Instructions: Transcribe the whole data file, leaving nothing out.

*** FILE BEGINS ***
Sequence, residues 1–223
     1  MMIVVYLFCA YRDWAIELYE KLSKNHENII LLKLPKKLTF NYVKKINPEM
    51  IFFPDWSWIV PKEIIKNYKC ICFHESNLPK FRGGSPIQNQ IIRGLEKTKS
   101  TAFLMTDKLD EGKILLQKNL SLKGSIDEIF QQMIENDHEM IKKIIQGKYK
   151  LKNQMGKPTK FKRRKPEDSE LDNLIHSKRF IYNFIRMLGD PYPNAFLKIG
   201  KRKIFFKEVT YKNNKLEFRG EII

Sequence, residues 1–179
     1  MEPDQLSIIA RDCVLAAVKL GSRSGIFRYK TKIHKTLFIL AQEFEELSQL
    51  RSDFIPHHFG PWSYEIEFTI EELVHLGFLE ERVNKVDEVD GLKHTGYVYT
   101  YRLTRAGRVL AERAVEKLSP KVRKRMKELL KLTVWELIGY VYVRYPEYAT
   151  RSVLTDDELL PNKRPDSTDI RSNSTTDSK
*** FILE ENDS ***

Sequence, residues 1–223
     1  MMIVVYLFCA YRDWAIELYE KLSKNHENII LLKLPKKLTF NYVKKINPEM
    51  IFFPDWSWIV PKEIIKNYKC ICFHESNLPK FRGGSPIQNQ IIRGLEKTKS
   101  TAFLMTDKLD EGKILLQKNL SLKGSIDEIF QQMIENDHEM IKKIIQGKYK
   151  LKNQMGKPTK FKRRKPEDSE LDNLIHSKRF IYNFIRMLGD PYPNAFLKIG
   201  KRKIFFKEVT YKNNKLEFRG EII

Sequence, residues 1–179
     1  MEPDQLSIIA RDCVLAAVKL GSRSGIFRYK TKIHKTLFIL AQEFEELSQL
    51  RSDFIPHHFG PWSYEIEFTI EELVHLGFLE ERVNKVDEVD GLKHTGYVYT
   101  YRLTRAGRVL AERAVEKLSP KVRKRMKELL KLTVWELIGY VYVRYPEYAT
   151  RSVLTDDELL PNKRPDSTDI RSNSTTDSK